Apple's interface held to the fire in dubious suit

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Comments

  • Reply 21 of 80
    hattighattig Posts: 860member
    If Apple settle with them for $20 million, with a license to use it in the future, and a requirement that the company sue other companies abusing the patent, then Apple could come out of it reasonably cheaply and know that Microsoft will also get hassled.



    Yes, despite the claim being overly generic and stifling innovation, and the fact that damages should be based upon how much the patent holder loses because of the infringement (i.e., if you're a patent troll, you have no losses because you have no products) it is probably better for Apple to settle this one.



    Unless they have solid proof of prior art - any form of tabbed interface should do. But the US patent office takes WAY TOO LONG to rule on prior art submissions for patents, and the law system doesn't allow for the patent to be reviewed by the patent office before ruling (hence why RIM had to pay NTP last year despite NTP's patents being crap). So a court case would not be to decide on the validity of the patent, but on whether it was violated or not. The system is broken, but the people who could fix it have a vested interest in it remaining broken.



    This is a great example of why I hope that Europe never allows software patents.
  • Reply 22 of 80
    ajpriceajprice Posts: 320member
    Have to agree with people here, where have they been for the last 2 years?



    In other news, I am getting fingers patented, so that anyone who uses fingers has to pay me to do so :P .
  • Reply 23 of 80
    eaieai Posts: 417member
    Don't you have to continually enforce your patent during it's lifetime, or it'll be declared invalid - like trademarks? Tabs have been used in Microsoft products since at least Windows 3.1, and probably in early Macs too... If they're only enforcing it after 20 years, I think they'd find it hard to make it stick.
  • Reply 24 of 80
    wilcowilco Posts: 985member
    The only thing more predictable than these frivolous law suits are the knee-jerk reactions from AppleInsider's "legal experts".



    In other news, I am getting fingers patented, so that anyone who uses fingers has to pay me to do so :P .





    That is so funny! And original!
  • Reply 25 of 80
    Give it a rest, Wilco.



    Is there a "statute of limitations" or comparable thing in patent cases? Don't they have to show that they have used the same patent within a certain period? (What was that stuff about the iPhone?) What does this tiny company do, anyway?



    What modern software doesn't use tabs? Are they going to also claim a patent on the tabs in my file drawers (the physical ones)? (Yep, that was a knee-jerk response, but one someone is gonna want to ask.)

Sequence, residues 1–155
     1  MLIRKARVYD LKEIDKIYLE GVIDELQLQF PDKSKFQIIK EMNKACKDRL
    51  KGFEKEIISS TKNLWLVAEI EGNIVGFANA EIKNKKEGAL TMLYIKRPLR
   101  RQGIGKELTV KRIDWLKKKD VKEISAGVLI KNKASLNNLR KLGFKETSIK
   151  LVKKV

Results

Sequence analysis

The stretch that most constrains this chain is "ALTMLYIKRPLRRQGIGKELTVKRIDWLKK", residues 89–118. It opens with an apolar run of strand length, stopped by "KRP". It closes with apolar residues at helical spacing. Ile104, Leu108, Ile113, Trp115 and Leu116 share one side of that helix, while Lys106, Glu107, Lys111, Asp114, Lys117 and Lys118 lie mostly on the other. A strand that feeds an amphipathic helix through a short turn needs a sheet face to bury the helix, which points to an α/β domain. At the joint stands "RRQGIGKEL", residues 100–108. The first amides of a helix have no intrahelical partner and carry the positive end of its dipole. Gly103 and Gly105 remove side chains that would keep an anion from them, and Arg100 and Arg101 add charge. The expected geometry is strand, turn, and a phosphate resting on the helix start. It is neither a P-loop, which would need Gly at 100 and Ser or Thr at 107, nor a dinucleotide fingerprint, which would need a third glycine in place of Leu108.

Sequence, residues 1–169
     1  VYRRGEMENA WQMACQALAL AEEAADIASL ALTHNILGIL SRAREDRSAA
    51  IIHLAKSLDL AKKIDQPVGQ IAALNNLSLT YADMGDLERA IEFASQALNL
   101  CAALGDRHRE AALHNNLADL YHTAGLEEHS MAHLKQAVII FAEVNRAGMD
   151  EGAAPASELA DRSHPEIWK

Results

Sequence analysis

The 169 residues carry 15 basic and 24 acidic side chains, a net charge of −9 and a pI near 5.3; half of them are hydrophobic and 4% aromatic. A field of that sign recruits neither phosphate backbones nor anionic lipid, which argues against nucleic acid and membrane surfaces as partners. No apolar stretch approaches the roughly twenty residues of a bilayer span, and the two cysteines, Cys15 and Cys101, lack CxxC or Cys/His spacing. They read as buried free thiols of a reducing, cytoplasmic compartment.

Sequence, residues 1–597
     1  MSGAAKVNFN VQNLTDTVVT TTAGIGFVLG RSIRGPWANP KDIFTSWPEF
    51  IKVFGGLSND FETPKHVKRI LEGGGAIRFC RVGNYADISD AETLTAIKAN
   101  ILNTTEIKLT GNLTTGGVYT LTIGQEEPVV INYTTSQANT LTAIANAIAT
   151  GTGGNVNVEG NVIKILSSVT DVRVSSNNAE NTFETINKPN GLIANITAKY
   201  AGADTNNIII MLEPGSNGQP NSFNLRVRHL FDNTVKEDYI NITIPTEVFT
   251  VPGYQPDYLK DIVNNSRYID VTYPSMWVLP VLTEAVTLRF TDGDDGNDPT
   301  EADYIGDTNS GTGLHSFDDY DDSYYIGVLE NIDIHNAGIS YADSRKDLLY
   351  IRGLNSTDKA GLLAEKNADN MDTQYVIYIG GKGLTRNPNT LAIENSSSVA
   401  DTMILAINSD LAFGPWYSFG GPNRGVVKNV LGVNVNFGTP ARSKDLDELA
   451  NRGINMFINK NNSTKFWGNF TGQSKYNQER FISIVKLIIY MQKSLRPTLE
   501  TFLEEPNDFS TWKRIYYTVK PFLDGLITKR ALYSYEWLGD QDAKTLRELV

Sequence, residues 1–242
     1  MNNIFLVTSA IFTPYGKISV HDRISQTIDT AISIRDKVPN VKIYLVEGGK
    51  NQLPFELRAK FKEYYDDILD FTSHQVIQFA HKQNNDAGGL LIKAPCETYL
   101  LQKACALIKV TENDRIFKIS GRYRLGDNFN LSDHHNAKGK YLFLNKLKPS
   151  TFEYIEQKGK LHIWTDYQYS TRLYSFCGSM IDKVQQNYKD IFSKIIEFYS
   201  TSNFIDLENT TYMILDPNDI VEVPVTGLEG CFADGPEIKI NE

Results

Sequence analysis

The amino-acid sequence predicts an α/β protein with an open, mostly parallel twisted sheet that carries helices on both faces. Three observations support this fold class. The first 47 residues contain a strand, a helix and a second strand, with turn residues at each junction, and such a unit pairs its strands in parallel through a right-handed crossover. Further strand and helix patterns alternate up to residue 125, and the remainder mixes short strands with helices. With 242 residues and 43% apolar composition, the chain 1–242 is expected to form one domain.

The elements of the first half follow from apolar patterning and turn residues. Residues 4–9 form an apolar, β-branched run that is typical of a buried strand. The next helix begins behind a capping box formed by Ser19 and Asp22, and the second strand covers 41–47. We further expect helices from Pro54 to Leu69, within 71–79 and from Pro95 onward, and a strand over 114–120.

Can we get a link to said suit?



    Haven't Macs had folders (and thus tab images) since 1983, predating said patent? If so, why the hell didn't Apple patent the idea? I agree with whoever above said that Apple sure could avoid a lot of messes if they would just open teir eyes and look where they are walking.
  • Reply 26 of 80
    I would think that this would affect Microsoft also. They are a much bigger target and can get them a whole lot more mula.



    A 20 year old patent comes to light now, wow.

    Most items being patented are obvious IMHO, the whole idea was that they not be obvious, to be truely original thinking. This kind of stuff is preventing further innovation. Companies have to do to much research when they have an idea to see if anyone patented the idea before they can go ahead and develop the idea. The mass of spagetty that represents the patents today are very vague and hard to find if they apply or not.



    Clicking a section of the screen and having some other content painted over the content currently being shown is very basic and obvious. Not that much difference between a button and a tab.



    I know, some of you like patents, I dont mind them if they are clear and cheap to research. What is the life of a patent today 50 years?



    In the world of computing that is like 500 years. I started in the industry back in 72 and I can tell you that I have seen a hell of a lot of changes and inovation over the last 34 years. IMHO in electronic, software, computing and comunication hardware it makes no sense to grant patents with a life of more than 10-15 years. After that they totaly get in the way.
  • Reply 27 of 80
    dr. xdr. x Posts: 278member
  • Reply 28 of 80
    wilcowilco Posts: 985member
    Quote:
    Originally Posted by Bergermeister View Post


    Give it a rest, Wilco.



    Is there a "statute of limitations" or comparable thing in patent cases? Don't they have to show that they have used the same patent within a certain period? (What was that stuff about the iPhone?) What does this tiny company do, anyway?



    What modern software doesn't use tabs? Are they going to also claim a patent on the tabs in my file drawers (the physical ones)? (Yep, that was a knee-jerk response, but one someone is gonna want to ask.)



    Can we get a link to said suit?



    Haven't Macs had folders (and thus tab images) since 1983, predating said patent? If so, why the hell didn't Apple patent the idea? I agree with whoever above said that Apple sure could avoid a lot of messes if they would just open teir eyes and look where they are walking.



    zzzzzzzzzz
  • Reply 29 of 80